Magnetic field evolution in magnetar crusts through three-dimensional simulations

Edited by Neta A. Bahcall, Princeton University, Princeton, NJ, and approved February 26, 2016 (received for review November 12, 2015)
March 28, 2016
113 (15) 3944-3949


The observed diversity of magnetars indicates that their magnetic topology is more complicated than a simple dipole. Current models of their radiative emission, based on axially symmetric simulations, require the presence of a concealed toroidal magnetic field having up to 100 times more energy than the observed dipole component, but the physical origin of such a field is unclear. Our fully 3D simulations of the crustal magnetic field demonstrate that magnetic instabilities operate under a range of plausible conditions and generate small-scale field structures that are an order of magnitude stronger than the large-scale field. The Maxwell stress and Ohmic heating from these structures can explain magnetar bursts and surface hotspots, using comparable poloidal and toroidal magnetic fields.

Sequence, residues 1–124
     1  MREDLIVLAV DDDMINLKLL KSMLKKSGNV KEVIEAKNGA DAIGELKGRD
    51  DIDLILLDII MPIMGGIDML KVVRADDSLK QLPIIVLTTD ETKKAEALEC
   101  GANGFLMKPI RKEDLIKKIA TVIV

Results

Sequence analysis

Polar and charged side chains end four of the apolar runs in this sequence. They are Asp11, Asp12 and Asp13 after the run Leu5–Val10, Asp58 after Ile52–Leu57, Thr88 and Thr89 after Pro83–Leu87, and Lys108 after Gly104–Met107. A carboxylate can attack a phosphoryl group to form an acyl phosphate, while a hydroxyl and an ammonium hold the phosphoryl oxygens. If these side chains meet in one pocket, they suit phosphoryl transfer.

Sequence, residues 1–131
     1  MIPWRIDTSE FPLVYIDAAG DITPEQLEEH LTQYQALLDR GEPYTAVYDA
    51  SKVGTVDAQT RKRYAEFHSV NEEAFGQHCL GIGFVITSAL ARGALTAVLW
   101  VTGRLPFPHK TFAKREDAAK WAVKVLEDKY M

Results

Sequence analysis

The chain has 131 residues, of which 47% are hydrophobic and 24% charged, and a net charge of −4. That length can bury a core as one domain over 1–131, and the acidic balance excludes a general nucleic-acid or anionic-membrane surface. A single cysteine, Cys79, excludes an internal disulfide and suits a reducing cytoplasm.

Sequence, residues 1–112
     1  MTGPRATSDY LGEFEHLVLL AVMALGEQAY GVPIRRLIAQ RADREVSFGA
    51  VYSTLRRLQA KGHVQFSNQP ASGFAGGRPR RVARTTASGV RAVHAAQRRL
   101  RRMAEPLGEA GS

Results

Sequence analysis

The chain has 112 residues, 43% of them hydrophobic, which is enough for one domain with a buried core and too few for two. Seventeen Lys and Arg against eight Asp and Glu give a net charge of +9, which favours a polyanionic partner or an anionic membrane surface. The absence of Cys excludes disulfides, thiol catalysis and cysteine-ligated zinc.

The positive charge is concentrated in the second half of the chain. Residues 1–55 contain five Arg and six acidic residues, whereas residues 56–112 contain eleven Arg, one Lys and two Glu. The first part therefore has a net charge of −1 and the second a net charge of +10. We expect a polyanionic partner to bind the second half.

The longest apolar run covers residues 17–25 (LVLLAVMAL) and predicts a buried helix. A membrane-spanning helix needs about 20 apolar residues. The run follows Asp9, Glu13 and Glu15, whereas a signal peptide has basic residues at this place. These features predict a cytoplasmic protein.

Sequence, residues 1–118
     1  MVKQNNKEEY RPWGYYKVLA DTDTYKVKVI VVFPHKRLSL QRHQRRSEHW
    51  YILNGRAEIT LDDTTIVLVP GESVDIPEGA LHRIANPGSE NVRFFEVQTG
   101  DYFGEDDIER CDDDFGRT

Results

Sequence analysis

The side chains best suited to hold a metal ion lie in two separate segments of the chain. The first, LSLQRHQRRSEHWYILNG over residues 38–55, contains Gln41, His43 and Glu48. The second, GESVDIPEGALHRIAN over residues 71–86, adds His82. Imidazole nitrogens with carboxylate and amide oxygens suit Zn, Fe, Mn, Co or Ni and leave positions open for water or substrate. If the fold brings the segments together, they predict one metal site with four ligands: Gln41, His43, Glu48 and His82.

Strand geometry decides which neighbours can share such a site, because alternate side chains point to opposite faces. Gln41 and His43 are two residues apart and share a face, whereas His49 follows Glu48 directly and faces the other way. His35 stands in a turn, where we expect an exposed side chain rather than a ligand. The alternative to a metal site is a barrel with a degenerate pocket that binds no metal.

Current models of magnetars require extremely strong magnetic fields to explain their observed quiescent and bursting emission, implying that the field strength within the star’s outer crust is orders of magnitude larger than the dipole component inferred from spin-down measurements. This presents a serious challenge to theories of magnetic field generation in a proto-neutron star. Here, we present detailed modeling of the evolution of the magnetic field in the crust of a neutron star through 3D simulations. We find that, in the plausible scenario of equipartition of energy between global-scale poloidal and toroidal magnetic components, magnetic instabilities transfer energy to nonaxisymmetric, kilometer-sized magnetic features, in which the local field strength can greatly exceed that of the global-scale field. These intense small-scale magnetic features can induce high-energy bursts through local crust yielding, and the localized enhancement of Ohmic heating can power the star’s persistent emission. Thus, the observed diversity in magnetar behavior can be explained with mixed poloidal−toroidal fields of comparable energies.